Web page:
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Will the smart pointer or scoped pointers delete an object when the class has no destructor If not, why not just leave the scope and let the object be deleted by itself?

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What do you mean by "be deleted by itself" ? – ereOn Feb 24 '12 at 7:30
if no destructor is explicitly written, C++ will create a default one for you. So the smart pointer will always have a destructor to call. – Default Feb 24 '12 at 7:38
up vote 1 down vote accepted

All class members are deleted even if you don't have a destructor when the instance is deleted. Memory leaks occur when you deal with pointers:

class A
   B* b;

In this case, b itself will be destroyed when the instance of A is deleted, but the memory it points to will not.

class A
   SmartPtr<B> b;

In the case of smart pointers, which usually have some reference counting and memory cleanup in the destructor, the memory it points to will be explicitly destroyed by its destructor, and the destructor of the smart pointer will be implicitly called when the instance of the containing class is destroyed.

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Yes, smart pointer deletes the object irrespective of whether class has destructor or not. Note that smart pointers are used with objects allocated on heap (using new) and these object won't release memory when they go out of scope, you need to explicitly delete them. Smart pointers will remove this process of explicitly deleting them.

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The pointer to the object itself will be deleted. However if there is any dynamically allocated data in the class it will not get freed. The idea of having a destructor is to be able to post-process the class object and mainly - free any resources taken.

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new and delete do two things.

new allocates memory and gets an object to construct itself in that memory space. delete first gets the object to destruct itself then releases the memory.

Note that some smart pointers can be given a custom deleter which doesn't call delete on the object but whatever you ask it to do. There may be occasions when you wish to pass it a no-op.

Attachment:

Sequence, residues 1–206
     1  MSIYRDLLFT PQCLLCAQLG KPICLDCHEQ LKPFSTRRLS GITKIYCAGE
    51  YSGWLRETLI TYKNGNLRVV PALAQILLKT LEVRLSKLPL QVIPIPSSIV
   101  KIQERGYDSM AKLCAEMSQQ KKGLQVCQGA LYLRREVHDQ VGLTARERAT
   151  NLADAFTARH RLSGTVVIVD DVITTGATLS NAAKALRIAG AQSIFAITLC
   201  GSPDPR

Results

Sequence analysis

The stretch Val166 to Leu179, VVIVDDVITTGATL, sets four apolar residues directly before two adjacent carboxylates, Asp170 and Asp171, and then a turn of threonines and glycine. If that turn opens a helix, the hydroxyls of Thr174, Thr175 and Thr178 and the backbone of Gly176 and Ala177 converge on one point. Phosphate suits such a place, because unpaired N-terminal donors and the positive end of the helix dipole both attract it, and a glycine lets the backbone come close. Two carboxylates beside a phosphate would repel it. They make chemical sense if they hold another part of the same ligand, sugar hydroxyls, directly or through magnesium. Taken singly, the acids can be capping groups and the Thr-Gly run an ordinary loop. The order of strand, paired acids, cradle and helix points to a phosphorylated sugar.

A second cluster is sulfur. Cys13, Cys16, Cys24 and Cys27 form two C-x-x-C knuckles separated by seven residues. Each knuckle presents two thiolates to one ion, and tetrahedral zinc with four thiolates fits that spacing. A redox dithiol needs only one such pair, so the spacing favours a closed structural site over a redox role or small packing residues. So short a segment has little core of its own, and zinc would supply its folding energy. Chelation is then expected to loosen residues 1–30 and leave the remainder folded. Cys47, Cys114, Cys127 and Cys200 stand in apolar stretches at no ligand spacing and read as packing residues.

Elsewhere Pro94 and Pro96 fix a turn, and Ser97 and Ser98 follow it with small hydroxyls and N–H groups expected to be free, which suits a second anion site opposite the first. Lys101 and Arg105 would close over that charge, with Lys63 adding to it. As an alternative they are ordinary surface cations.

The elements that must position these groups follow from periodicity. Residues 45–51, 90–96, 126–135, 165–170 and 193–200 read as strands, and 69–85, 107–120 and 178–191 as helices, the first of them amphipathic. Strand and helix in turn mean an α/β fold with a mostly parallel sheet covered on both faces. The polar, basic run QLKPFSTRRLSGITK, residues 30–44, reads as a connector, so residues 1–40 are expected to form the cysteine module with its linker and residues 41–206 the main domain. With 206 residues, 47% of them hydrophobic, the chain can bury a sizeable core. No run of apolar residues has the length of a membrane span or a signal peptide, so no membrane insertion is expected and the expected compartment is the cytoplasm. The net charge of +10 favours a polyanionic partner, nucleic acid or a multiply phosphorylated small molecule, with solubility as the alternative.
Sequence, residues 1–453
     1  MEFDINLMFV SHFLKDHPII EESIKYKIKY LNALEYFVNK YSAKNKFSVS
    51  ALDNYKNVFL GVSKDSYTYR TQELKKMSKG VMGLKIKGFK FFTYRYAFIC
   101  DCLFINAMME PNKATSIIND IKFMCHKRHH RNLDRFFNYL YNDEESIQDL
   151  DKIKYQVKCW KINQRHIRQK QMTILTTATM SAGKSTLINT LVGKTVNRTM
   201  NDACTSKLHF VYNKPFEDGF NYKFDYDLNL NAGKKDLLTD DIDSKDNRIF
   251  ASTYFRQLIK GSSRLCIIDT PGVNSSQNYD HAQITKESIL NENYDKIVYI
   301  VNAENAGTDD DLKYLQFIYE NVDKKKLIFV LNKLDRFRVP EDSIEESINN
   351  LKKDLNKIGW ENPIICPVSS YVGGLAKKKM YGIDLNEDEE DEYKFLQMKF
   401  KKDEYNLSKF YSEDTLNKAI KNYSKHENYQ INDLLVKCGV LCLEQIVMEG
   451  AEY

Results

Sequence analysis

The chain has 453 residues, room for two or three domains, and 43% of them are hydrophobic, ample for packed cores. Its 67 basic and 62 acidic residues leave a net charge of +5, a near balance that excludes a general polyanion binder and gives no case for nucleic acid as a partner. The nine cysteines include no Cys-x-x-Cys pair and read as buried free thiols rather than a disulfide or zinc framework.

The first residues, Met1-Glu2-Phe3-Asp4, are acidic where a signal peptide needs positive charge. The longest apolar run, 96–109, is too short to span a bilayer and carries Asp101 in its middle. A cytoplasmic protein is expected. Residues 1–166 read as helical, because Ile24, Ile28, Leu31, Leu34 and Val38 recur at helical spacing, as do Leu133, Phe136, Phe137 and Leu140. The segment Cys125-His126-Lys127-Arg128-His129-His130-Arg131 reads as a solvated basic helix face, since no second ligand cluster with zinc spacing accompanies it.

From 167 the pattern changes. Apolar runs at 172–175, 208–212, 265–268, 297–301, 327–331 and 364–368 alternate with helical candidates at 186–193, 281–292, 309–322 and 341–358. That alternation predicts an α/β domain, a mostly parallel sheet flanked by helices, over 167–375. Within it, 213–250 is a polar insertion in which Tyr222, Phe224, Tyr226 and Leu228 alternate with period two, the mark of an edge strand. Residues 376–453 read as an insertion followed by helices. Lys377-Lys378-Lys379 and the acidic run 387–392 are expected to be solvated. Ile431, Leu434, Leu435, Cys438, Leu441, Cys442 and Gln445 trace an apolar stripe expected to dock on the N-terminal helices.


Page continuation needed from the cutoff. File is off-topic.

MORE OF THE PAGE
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Your point is well taken; there aren't that many uses for smart pointers in C++, since most of the time where they might be relevant, you'd be better off using value semantics, and copying. In the case of scoped_ptr, the most frequent use is when the actual object is polymorphic:

scoped_ptr<Base> pObj = condition 
                        ? static_cast<Base*>( new Derived1 )
                        : static_cast<Base*>( new Derived2 );

(Regretfully, at least one of the static_cast is necessary.)

If you are dealing with a container of polymorphic objects, you'll need shared_ptr instead, and if you're returning a polymorphic object, or otherwise passing it around, you will use unique_ptr if you can guarantee its availability, and auto_ptr otherwise—in some cases where you're passing it around, shared_ptr might be more appropriate.

In the case of returning an object or passing it around, the cost of copying it might also be a motive for using a smart pointer, even if the object isn't polymorphic. In such cases, I'd still use value semantics (i.e. copying and assigning the object itself) unless I had a performance problem.

Note that smart pointers aren't only used for memory management. I regularly use auto_ptr in the interface of queues between threads: once the object has been inserted into the queue, it no longer belongs to the sending thread; auto_ptr expresses these semantics exactly, with the auto_ptr in the sending thread becoming invalid. Or a modifiable singleton (something which should be very, very rare) might acquire a lock in its instance function, and return a shared_ptr which frees the lock in its final destructor. I've also used smart pointers in one or two cases to ensure transactional semantics: in one case, for example, the objects were in a number of different sets (which held pointers to them, of course), ordered according to different criteria. To modify an object, you acquired a shared pointer to it; the function which returned this shared pointer also removed the objects from the sets, so that you could safely modify the key values as well, and the final destructor reinserted them into the sets according to the new keys. And so on—there are any number of uses for smart pointers that have nothing to do with memory management or object lifetime.

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